Why grain-free food isn’t the answer for allergic dog

Q: We have a mutt named Olga who is allergic to her dog food. She has skin problems and stomach problems. Our veterinarian wants us to feed her an expensive prescription diet or cook for her. Neither option sounds good to me. What do you think about grain free diets?

A: The supermarket aisles are chock-full of foods making myriad claims regarding the healthfulness of their ingredients. Most of these assertions are questionably useful, at best. In most cases, they’re marketing devices designed to drive up your perceived value of the item.

And that’s just the “people” food. The pet food aisles are just as fraught with declarations and exhortations that seem aimed to confuse the enlightened into making questionably effective decisions. At least that’s how I feel whenever I’m forced to walk down aisles and aisles of pet food.

It’s overwhelming. I get it. So it makes sense that you might want to try something you’ve heard is better for dogs. Unfortunately, most grain-free fare doesn’t cut it. Here’s some background:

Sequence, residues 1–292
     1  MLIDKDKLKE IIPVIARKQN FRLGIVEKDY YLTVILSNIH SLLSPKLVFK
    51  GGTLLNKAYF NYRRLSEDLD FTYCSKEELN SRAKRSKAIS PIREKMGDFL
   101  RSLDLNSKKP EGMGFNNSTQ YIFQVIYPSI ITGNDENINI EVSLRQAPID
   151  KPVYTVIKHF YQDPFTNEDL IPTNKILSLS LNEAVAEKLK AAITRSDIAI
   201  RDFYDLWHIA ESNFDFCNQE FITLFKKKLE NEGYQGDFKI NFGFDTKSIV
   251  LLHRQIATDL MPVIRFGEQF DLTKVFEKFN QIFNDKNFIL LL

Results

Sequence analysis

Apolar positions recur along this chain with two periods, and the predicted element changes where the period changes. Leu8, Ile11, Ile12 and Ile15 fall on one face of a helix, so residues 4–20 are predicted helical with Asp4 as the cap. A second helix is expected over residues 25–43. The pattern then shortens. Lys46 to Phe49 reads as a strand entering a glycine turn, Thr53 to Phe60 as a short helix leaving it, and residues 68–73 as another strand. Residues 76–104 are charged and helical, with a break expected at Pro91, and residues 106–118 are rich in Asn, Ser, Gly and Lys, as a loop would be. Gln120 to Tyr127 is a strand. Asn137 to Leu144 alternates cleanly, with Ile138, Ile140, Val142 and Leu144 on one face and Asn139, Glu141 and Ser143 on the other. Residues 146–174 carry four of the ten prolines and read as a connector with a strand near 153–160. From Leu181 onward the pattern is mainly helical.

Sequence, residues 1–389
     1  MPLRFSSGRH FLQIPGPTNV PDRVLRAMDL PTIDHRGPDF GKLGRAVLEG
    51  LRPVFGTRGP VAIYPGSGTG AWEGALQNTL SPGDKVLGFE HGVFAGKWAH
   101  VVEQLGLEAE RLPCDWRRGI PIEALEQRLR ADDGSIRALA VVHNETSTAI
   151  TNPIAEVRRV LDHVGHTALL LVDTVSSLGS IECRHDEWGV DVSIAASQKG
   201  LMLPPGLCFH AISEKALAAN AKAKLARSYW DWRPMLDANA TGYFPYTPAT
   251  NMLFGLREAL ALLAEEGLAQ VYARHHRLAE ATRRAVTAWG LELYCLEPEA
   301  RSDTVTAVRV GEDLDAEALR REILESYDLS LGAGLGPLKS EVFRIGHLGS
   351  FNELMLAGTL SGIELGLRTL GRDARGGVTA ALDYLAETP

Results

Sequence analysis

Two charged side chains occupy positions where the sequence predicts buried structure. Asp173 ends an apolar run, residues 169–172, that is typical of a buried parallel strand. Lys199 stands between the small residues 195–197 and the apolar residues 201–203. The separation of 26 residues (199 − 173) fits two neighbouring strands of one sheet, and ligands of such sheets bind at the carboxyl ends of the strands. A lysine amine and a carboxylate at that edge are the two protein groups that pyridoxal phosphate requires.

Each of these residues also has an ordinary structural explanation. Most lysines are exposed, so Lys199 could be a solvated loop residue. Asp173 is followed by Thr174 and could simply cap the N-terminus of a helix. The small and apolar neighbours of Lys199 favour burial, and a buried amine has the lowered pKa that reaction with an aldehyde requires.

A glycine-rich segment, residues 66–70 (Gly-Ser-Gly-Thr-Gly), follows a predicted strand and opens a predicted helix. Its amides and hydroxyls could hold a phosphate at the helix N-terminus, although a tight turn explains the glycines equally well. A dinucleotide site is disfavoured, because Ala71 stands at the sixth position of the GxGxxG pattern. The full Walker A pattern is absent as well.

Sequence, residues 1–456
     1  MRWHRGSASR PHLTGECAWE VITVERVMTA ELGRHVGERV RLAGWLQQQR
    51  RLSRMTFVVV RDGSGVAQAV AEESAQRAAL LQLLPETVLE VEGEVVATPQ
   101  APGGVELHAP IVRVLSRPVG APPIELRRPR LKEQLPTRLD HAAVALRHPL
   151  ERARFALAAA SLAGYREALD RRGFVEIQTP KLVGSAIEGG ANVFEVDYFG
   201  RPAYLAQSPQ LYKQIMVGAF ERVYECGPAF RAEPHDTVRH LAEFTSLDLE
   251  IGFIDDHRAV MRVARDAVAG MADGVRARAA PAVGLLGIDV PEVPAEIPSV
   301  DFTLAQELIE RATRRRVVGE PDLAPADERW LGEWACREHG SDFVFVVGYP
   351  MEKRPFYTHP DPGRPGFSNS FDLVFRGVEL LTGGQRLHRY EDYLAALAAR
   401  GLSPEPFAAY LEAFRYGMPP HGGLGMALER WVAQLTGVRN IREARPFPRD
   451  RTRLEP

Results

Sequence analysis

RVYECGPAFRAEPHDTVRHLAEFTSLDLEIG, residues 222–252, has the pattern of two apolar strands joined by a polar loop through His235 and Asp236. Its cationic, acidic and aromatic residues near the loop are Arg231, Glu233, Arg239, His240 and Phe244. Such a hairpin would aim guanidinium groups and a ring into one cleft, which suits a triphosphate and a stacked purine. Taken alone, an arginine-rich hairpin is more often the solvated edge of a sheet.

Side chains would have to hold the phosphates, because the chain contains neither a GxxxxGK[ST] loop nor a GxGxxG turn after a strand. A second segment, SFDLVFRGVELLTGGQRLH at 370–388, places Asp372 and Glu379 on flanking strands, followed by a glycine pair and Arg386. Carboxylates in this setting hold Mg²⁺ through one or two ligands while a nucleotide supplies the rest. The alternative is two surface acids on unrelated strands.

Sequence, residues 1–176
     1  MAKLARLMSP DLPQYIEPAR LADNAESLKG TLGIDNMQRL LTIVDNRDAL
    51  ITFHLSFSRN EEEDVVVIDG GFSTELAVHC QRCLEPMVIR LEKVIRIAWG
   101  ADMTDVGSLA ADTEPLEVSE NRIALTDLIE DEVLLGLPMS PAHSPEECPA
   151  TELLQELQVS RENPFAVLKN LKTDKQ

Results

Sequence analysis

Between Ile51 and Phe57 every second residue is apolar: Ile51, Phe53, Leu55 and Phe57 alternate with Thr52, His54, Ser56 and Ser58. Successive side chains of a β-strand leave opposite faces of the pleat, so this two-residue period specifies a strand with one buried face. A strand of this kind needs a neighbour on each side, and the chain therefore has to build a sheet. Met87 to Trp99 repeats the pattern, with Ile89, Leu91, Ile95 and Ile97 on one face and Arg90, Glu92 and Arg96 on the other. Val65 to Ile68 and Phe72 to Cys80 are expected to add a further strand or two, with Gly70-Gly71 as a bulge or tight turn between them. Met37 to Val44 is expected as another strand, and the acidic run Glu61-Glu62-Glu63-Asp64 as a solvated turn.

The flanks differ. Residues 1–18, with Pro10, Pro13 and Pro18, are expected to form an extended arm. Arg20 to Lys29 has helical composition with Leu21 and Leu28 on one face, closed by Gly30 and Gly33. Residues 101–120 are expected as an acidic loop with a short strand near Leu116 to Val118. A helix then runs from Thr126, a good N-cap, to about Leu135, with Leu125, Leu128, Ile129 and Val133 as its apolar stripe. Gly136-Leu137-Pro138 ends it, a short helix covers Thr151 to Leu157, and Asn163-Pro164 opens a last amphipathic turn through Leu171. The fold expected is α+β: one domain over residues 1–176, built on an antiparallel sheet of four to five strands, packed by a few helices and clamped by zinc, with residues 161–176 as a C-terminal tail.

Food allergy is a very common condition, affecting the majority of dogs who suffer from excessive foot licking issues and recurrent ear infections. Hair loss, generalized itching, sores and scabs are common, too. Some pets’ gastrointestinal symptoms can also be chalked up to allergies, but this is a less common scenario.

In either case, the afflicted pet’s immune system will overreact to one or more proteins and/or carbohydrates in their diets. The result is inflammation that affects a specific part of the body.

Here’s why grain-free alone doesn’t usually work:

▪  Dogs are typically allergic to proteins over carbohydrates. Studies suggest that beef and dairy are their most common allergens. Corn, by contrast, is way down on the list.

▪  In fact, soy, corn and wheat are not considered common allergens in dogs.

▪  Turns out plenty of pet foods may say they’re grain-free — when they’re not.

▪  Loosely regulated as they are, pet foods often contain ingredients not listed on the label.

▪  In one study almost half of more than 50 diets sampled included protein sources not listed on the label.

All of which explains why when it comes to diagnosing and treating food allergies, you’re always better off with a diet or recipe specifically designed for pets with food allergies. Anything less, and you may be saving on dog food but spending a whole lot more at the vet’s.

Dr. Patty Khuly has a veterinary practice at Sunset Animal Clinic in South Miami. Her website is Send questions to